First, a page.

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New Research to Explore Role of Online Peer Support on Phoenix Rising Forums

Discussion in 'Phoenix Rising Articles' started by Phoenix Rising Team, Jul 22, 2013.

  1. Ema

    Ema Senior Member

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  2. Mark

    Mark Acting CEO

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    Thank you very much everyone for your positive response, I do appreciate it. My apologies for not having chance to reply before now; I've had a bit of flooding in my flat to deal with which has rather set me back, but we'll get to all your questions in due course.

    Particular thanks to Bluebell for pointing out some of the work by forum members that I wasn't aware of - great stuff!

    Bluebell also asked a couple of key questions that I expect many others will be interested in, and we do want to clarify and discuss these details on this thread.

    In our preliminary discussions about this, the formula we came up with was that any quotes of posts by members would certainly be done anonymously (i.e. without mentioning their forum name), but also we felt that it would be appropriate to contact anybody who the researchers wanted to quote in the research to ask for their permission to quote them in the study - and not quote anybody without their permission. I think that's the best way to do this, but Anna and Neil may have more to say on this subject, and we're open to members' views on what they think would be best. We'll certainly take any other privacy-related concerns very seriously.

    We have also discussed whether to cover the members-only sections, private groups, etc. Neil's intention really is to only cover the public threads, but I feel it would be good to in some way acknowledge that there may be other kinds of discussion in the less public sections of the forum and it would be good to know something about what kind of topics are covered there. That would give a more complete picture of what goes on within the forums - if we can figure out a fairly general way to do so that members are happy with. So I'd be interested in thoughts on that, but the default for now is just to cover public threads and there may not be time for Anna to do any more than that anyway.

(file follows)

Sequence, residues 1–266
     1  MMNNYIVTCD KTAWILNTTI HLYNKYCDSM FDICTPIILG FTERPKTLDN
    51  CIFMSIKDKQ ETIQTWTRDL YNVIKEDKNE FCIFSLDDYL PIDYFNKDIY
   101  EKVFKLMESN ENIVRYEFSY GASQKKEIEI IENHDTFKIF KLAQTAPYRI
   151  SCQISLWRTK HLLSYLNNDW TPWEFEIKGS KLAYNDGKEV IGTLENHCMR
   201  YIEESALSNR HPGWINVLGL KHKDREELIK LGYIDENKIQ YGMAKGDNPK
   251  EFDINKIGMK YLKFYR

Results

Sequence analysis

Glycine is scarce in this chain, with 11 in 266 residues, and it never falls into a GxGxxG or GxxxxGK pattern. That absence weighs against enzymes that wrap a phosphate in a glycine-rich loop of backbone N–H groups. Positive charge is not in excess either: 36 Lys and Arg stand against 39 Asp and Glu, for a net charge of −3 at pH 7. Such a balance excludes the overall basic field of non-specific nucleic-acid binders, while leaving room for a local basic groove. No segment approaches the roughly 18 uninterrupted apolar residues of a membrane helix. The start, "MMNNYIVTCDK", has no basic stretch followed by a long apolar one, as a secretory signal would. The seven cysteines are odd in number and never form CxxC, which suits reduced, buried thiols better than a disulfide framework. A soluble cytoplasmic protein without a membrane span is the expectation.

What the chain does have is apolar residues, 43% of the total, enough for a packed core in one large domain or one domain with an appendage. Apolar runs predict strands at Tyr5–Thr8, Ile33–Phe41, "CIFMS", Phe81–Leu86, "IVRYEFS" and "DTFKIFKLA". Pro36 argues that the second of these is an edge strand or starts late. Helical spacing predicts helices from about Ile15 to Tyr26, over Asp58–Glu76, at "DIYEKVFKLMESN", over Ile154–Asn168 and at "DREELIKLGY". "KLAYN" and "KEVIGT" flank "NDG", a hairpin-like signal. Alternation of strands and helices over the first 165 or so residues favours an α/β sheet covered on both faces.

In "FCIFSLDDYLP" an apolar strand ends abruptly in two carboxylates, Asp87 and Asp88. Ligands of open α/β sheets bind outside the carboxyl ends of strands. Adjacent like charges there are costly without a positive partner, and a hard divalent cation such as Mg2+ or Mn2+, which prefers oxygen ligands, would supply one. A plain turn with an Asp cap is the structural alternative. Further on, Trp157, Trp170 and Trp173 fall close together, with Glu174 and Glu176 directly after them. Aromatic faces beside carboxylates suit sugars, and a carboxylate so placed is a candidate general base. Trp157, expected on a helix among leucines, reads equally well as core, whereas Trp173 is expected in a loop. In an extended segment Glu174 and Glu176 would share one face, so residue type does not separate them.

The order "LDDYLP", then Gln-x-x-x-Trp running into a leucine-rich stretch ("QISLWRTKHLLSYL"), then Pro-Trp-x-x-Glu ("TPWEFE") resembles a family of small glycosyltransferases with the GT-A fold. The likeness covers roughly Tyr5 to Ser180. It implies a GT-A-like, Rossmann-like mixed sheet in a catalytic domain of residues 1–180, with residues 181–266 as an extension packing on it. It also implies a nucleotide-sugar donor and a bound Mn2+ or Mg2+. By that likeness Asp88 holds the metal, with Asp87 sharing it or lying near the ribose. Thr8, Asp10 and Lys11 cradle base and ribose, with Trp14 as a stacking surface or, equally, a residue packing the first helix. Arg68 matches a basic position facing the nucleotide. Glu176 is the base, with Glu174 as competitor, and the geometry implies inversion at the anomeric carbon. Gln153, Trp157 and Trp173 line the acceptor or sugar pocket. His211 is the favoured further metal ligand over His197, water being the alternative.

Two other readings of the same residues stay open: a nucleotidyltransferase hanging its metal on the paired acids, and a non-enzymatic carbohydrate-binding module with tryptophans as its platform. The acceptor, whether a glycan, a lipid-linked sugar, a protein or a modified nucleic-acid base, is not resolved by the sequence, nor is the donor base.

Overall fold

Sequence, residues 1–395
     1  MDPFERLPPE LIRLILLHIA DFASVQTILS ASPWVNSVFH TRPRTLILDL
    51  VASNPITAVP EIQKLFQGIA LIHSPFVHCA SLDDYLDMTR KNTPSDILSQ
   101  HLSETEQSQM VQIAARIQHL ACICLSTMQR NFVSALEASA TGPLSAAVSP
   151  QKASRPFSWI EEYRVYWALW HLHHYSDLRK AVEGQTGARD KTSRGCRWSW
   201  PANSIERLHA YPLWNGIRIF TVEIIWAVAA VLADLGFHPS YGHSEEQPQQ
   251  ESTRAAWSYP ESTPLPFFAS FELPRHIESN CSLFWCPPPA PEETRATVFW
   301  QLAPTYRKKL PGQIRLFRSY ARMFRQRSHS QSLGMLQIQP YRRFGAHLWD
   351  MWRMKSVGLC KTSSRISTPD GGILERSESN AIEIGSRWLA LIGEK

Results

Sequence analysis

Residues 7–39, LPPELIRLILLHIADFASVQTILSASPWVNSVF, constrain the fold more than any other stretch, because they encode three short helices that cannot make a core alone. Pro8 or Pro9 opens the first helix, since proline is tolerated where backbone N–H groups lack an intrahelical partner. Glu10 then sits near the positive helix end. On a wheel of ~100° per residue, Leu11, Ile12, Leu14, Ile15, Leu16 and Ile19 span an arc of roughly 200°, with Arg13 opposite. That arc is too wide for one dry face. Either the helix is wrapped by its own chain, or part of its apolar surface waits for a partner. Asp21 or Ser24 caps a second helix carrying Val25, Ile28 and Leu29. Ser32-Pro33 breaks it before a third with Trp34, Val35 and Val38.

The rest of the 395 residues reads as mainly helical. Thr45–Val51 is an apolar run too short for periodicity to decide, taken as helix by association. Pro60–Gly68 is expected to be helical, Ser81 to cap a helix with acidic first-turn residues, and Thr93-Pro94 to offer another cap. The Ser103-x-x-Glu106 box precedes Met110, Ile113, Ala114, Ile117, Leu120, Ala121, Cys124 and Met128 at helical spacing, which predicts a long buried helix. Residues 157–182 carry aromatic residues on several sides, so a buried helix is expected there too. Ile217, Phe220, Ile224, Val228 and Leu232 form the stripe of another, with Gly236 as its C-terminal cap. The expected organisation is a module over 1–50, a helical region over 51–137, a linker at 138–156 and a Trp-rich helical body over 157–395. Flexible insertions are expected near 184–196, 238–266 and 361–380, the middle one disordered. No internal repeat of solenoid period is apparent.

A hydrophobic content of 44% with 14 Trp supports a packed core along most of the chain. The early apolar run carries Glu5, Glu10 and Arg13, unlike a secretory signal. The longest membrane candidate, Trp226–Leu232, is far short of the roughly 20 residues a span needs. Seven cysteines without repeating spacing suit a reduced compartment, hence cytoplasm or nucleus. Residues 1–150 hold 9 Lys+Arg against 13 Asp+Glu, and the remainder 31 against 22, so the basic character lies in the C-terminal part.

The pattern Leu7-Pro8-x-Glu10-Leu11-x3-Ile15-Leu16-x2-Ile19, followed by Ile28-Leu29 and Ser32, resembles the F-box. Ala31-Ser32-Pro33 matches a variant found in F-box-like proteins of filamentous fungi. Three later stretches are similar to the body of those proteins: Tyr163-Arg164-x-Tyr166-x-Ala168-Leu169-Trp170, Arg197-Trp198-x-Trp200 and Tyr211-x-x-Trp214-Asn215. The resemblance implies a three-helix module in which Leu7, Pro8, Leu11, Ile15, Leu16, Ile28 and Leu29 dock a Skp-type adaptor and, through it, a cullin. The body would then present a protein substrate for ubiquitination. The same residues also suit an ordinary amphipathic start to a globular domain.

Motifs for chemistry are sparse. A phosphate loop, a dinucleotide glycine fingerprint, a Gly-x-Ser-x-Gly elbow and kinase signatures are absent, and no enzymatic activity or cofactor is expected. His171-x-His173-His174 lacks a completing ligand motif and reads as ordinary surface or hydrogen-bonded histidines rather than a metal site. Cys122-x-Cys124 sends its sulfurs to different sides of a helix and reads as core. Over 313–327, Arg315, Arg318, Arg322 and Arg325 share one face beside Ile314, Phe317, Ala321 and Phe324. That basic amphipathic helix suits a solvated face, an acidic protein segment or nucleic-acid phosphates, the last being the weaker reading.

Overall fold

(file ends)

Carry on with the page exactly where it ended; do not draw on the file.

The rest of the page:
Any further questions or comments on this subject would be most welcome. :)
     
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  3. Mark

    Mark Acting CEO

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    We're hoping there will be two publications but there should be at least one. We can't really say where yet as that just depends how things work out. We're mindful that it would be far preferable for everything to be published in full open access and the plan is to publish preliminary results and further articles on PR at an early stage as the research proceeds. But it's hard to say anything definitive about publication details at this stage, there are too many factors to consider. Neil may have more to say about this.


    [/QUOTE]
    Anyway.. Im looking forward to what is will be coming out of all this. Places like PR (and PR itself) have played a huge role in my support, like many of us who just dont have good support in our lives nor good doctors. I think I'd truely be in a hole and very depressed trying to deal with my condition if it wasnt for places like these, instead.. Im living quite happily (well most of the time) with a very severe in my case illness. Ones around me cant believe how happy a person I can be even with all this. I have all you guys here to thank for that.[/quote]
    Thanks Tania, it's great to hear such positive comments about the value of the forums to you in living with and coping with ME/CFS. Hearing comments like this just makes my day! :)
     
  4. Mark

    Mark Acting CEO

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    Thanks Nielk, I'm glad you share my excitement. :)